We enter Nikopol by car around 5 p.m. Everything is closed. A few people are sauntering through the streets and the occasional bus goes by. Of all the cities we have visited, this is probably the emptiest.
Nikopol is located on the right bank of the Dnipro River in the Dnipropetrovsk region. On the other side is the Zaporizhzhia region and the city of Enerhodar, home to the Zaporizhzhia Nuclear Power Plant. The site was captured by the Russians in early March and its six reactors are visible from the embankment. It is from Enerhodar that enemy shells fly towards Nikopol.
Upon arriving in Nikopol, we visit the fire department where we are immediately warned about the threat. The team there is already familiar with the shelling schedule – “the fun” starts at 11 p.m.” they say. The attacks gained frequency and were happening on a daily basis from around the middle of July. The Russians use variety of lightning projectiles, including artillery as well as rockets.
As predicted, the shelling begins immediately after 11 p.m., with only a few seconds between the sound of a projectile being fired and the subsequent explosion. The Ukrainian Armed Forces (UAF) cannot reciprocate because the Russians have shielded themselves with the plant.
The guys in the fire department sit with us calmly. They are used to the constant shelling. Before going to sleep, they explain that if the explosions get close, we should fall immediately to the ground.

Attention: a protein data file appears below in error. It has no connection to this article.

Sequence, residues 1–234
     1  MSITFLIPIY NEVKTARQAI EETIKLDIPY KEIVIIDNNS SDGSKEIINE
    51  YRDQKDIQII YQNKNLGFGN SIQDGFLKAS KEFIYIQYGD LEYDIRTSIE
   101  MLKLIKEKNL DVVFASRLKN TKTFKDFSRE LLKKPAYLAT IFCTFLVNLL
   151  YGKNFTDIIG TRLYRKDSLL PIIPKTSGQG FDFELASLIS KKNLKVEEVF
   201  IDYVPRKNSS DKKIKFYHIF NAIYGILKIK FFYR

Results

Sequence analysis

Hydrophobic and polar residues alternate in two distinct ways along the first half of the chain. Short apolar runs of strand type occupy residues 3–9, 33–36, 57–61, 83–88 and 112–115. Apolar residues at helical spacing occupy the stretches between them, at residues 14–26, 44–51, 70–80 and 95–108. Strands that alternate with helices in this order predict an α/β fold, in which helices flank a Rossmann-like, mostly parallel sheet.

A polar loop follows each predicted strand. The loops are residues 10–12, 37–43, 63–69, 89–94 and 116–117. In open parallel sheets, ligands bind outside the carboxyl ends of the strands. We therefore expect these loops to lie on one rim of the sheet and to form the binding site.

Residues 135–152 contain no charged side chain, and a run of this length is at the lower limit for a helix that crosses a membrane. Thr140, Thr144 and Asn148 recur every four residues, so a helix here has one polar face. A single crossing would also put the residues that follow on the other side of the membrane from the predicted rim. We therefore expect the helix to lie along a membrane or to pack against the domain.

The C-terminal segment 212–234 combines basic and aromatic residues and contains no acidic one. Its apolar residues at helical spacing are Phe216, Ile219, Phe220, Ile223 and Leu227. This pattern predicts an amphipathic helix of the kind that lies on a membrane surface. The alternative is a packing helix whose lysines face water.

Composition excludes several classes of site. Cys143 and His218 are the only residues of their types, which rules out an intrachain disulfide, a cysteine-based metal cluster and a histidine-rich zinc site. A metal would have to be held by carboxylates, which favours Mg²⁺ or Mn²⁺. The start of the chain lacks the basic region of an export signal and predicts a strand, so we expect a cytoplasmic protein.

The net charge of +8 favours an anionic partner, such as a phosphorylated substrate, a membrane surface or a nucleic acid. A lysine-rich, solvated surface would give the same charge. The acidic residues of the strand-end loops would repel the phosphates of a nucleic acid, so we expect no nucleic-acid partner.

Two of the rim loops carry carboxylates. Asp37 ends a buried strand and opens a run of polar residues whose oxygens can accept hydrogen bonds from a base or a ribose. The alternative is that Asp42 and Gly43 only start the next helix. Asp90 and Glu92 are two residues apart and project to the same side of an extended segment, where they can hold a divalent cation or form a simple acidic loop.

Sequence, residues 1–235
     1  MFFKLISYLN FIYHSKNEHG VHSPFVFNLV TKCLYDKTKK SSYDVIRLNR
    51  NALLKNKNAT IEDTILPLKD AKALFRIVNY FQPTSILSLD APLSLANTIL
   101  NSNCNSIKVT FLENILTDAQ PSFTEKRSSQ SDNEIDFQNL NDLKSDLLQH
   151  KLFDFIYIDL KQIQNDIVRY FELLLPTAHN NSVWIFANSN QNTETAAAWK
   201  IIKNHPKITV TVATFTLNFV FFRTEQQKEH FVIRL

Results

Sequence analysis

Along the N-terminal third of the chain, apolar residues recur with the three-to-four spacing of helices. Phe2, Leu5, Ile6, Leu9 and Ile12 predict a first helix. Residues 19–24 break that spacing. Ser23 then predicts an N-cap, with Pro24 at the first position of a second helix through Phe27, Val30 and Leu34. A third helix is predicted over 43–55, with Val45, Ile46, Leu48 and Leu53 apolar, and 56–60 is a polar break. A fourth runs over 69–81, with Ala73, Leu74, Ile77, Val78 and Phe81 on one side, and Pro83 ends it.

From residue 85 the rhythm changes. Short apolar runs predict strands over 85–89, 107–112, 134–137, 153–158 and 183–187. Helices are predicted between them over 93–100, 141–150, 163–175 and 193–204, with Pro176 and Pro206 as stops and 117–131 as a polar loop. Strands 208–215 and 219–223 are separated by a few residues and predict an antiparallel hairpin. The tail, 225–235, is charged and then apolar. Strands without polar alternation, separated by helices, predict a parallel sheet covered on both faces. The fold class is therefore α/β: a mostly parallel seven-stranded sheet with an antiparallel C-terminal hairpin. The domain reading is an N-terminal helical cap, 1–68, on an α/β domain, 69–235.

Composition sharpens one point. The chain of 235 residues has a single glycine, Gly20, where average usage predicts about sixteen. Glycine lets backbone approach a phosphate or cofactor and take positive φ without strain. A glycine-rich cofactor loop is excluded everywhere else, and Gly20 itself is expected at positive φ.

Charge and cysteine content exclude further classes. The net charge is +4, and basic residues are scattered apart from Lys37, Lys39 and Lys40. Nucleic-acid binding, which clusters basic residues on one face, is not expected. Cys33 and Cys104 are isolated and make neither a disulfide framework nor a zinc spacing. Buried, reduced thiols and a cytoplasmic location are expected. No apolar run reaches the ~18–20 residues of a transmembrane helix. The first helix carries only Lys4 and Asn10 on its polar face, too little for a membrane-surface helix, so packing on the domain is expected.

The sound of explosions stops and starts through the night. The windows and the beds shake. From time to time, it’s possible to see flashes of light in the sky. And so it goes on, until sunrise. The rescuers say that this is how every night passes. I pose the question – how do people continue to live in the city? The answer comes to me the next day.
In a field in the shadow of the nuclear plant
As a new day dawns in Nikopol, we see large shops and several small cafes open. By the afternoon, there is a steady bustle of people, either heading to or from work, or walking in the parks. In general, the rescuers tell me, most of the population has left Nikopol. But there are also hundreds of people who leave the city every night – either to neighboring villages or to the fields – only to return the next day.
We meet one family – Oleksandr and Ilona, together with their children, two-year-old Zlata and six-year-old Myroslava. On Sep. 1, shelling almost came to the door of their home. Since then, they have left in a minibus every night to sleep in a field outside Nikopol. In that same field there are dozens of cars.
“It still feels like a dream. I cannot believe that I have to leave my home, sleep in a field, hear explosions every night and look at the Zaporizhzhia plant with fear. And the worst thing is that winter is ahead,” Ilona says.
She admits that they don’t want to go, because they have a large farm from which they continue to make a steady profit.
“I don’t want to be a refugee. I have my own home. Why should I run away?” she adds.
We stop to have dinner in one of the few working cafes and ask the waiter how he lives in the city. He says that he is already used to the explosions, but something else is even more frightening: “It’s scary, because the nuclear plant is across the road,” he exclaims. “The Russians often shell the station themselves, but I want to believe that they have at least some common sense,” he adds.
Our waiter, like many others, doesn’t want to leave the city. He even sleeps at home every night.
“It’s the same every night. After 11 p.m., the explosions begin.
The views expressed are those of the author and not necessarily of Kyiv Post.
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